Phi29 is a DNA polymerase from Bacillus subtilis that is capable of extending a primer over a very long range, for example, more than 10 Kb and up to about 70 Kb. This enzyme catalyzes a highly processive DNA synthesis coupled to strand displacement and possesses an inherent 3' to 5' exonuclease activity, acting on both double and single stranded DNA. Variants of phi29 enzymes may be used, for example, an exonuclease minus variant may be used. Phi29 DNA Polymerase optimal temperature range is between about 30° C. to 37° C., but the enzyme will also function at higher temperatures and may be inactivated by incubation at about 65° C. for about 10 minutes. Phi29 DNA polymerase and Tma Endonuclease V (available from Fermentas Life Sciences) are active under compatible buffer conditions. Phi29 is 90% active in NEB buffer 4 (20 mM Tris-acetate, 50 mM potassium acetate, 10 mM magnesium acetate and 1 mM DTT, pH 7.9 at 25° C.) and is also active in NEBuffer 1 (10 mM Bis-Tris-Propane-HCl, 10 mM magnesium chloride and 1 mM DTT, pH 7.0 at 25° C.), NEBuffer 2 (50 mM sodium chloride, 10 mM Tris-HCl, 10 mM magnesium chloride and 1 mM DTT, pH 7.9 at 25° C.), NEB Buffer 3 (100 mM NaCl, 50 mM Tris HCl, 10 mM magnesium chloride and 1 mM DTT, pH 7.9 at 25° C.). For additional information on phi29, see U.S. Pat. Nos. 5,100,050, 5,198,543 and 5,576,204.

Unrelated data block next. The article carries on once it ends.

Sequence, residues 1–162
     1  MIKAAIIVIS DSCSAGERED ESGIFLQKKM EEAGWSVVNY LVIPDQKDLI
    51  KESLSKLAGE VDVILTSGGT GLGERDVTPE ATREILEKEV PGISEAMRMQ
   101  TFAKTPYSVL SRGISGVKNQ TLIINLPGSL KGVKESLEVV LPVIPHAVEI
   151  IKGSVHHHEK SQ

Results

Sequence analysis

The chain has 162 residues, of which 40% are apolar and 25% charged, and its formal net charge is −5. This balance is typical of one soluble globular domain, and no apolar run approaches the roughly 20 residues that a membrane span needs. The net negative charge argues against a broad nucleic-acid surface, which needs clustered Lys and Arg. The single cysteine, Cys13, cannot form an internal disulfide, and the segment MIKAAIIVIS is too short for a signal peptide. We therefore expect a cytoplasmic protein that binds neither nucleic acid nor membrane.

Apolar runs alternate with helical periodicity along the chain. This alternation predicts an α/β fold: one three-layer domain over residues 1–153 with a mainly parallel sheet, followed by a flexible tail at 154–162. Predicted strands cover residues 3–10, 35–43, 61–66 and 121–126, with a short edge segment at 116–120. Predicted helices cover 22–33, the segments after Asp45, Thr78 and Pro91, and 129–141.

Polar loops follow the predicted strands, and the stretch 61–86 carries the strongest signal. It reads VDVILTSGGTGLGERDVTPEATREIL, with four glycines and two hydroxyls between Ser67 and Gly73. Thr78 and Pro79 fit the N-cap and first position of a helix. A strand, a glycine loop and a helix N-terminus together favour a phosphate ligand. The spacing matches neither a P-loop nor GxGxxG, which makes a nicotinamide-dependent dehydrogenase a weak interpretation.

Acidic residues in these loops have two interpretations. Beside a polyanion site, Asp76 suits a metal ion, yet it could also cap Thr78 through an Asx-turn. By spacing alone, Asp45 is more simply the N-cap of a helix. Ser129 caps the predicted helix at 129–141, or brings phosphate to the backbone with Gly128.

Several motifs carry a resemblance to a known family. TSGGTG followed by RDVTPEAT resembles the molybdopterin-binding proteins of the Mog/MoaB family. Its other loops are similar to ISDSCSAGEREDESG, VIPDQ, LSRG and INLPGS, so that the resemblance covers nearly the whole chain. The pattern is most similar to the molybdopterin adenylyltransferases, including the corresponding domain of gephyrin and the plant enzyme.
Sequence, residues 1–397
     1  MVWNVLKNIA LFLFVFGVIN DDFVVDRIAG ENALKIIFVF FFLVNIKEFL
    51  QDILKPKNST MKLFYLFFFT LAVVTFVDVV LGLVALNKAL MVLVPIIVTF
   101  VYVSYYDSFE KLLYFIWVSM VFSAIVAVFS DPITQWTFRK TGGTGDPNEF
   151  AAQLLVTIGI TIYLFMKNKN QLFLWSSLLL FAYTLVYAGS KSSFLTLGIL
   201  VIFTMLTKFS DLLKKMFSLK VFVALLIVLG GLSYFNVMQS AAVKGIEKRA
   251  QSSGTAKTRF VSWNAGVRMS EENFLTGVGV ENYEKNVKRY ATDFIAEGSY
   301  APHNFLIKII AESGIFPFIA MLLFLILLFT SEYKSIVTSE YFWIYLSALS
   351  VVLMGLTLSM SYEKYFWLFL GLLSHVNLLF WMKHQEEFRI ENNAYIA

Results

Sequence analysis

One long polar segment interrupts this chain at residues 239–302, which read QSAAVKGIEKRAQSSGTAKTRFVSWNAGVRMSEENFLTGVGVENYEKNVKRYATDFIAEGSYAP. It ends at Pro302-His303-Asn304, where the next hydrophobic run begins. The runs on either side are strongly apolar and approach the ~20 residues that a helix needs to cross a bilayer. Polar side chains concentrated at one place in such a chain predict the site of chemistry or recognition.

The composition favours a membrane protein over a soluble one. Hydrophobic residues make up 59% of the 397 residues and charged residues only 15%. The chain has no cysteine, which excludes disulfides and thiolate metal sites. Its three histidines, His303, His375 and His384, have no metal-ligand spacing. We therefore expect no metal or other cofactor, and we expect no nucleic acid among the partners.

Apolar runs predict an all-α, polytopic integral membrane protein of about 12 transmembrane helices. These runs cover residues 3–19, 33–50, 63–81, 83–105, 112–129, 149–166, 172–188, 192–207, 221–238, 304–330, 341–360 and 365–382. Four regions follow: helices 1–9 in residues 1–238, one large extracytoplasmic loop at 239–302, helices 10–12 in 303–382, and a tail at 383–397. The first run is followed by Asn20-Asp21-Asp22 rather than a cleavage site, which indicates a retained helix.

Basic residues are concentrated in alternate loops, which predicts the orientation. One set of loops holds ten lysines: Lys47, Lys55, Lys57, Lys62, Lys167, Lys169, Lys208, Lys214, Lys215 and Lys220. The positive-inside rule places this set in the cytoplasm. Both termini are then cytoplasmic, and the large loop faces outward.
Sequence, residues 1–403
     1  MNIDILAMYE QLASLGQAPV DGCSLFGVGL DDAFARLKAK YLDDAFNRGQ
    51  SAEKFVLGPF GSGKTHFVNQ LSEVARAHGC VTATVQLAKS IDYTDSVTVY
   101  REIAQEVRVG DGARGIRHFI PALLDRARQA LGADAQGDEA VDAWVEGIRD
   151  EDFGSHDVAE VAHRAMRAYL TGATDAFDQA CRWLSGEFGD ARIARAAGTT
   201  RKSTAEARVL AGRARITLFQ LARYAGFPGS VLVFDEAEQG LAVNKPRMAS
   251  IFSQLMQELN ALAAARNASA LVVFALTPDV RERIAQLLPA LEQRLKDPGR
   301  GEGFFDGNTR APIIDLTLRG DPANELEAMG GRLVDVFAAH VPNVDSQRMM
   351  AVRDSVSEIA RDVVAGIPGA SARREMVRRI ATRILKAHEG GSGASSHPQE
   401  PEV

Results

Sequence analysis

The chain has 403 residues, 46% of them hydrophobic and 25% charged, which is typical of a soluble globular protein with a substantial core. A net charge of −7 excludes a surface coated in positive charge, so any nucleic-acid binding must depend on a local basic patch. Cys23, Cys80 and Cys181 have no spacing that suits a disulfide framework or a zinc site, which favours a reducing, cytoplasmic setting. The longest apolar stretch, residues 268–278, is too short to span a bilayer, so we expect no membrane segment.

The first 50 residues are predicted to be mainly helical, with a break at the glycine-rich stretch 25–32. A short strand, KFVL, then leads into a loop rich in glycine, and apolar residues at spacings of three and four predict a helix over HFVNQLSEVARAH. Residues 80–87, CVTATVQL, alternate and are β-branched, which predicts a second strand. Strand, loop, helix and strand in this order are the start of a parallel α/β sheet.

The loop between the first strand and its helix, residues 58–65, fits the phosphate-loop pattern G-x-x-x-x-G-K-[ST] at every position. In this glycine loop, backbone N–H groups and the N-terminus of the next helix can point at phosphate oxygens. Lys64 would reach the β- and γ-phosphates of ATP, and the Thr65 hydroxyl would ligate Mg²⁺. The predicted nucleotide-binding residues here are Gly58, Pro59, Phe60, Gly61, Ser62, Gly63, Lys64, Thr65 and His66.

Bst DNA polymerase originates from Bacillus stearothermophilus and has a 5' to 3' polymerase activity, but lacks a 5' to 3' exonuclease activity. This polymerase is known to have strand displacing activity. The enzyme is available from, for example, New England Biolabs. Bst is active at high temperatures and the reaction may be incubated optimally at about 65° C. but also retains 30%-45% of its activity at 50° C. Its active range is between 37° C. and 80° C. The enzyme tolerates reaction conditions of 70° C. and below and can be heat inactivated by incubation at 80° C. for 10 minutes. Bst DNA polymerase is active in the NEBuffer 4 (20 mM Tris-acetate, 50 mM potassium acetate, 10 mM magnesium acetate and 1 mM DTT, pH 7.9 at 25° C.) as well as NEBuffer 1 (10 mM Bis-Tris-Propane-HCl, 10 mM magnesium chloride and 1 mM DTT, pH 7.0 at 25° C.), NEBuffer 2 (50 mM sodium chloride, 10 mM Tris-HCl, 10 mM magnesium chloride and 1 mM DTT, pH 7.9 at 25° C.), and NEBuffer 3 (100 mM NaCl, 50 mM Tris HCl, 10 mM magnesium chloride and 1 mM DTT, pH 7.9 at 25° C.). Bst DNA polymerase could be used in conjunction with E. coli Endonuclease V (available from New England Biolabs). For additional information see Mead, D. A. et al. (1991) BioTechniques, p.p. 76-87, McClary, J. et al. (1991) J. DNA Sequencing and Mapping, p.p. 173-180 and Hugh, G. and Griffin, M. (1994) PCR Technology, p.p. 228-229.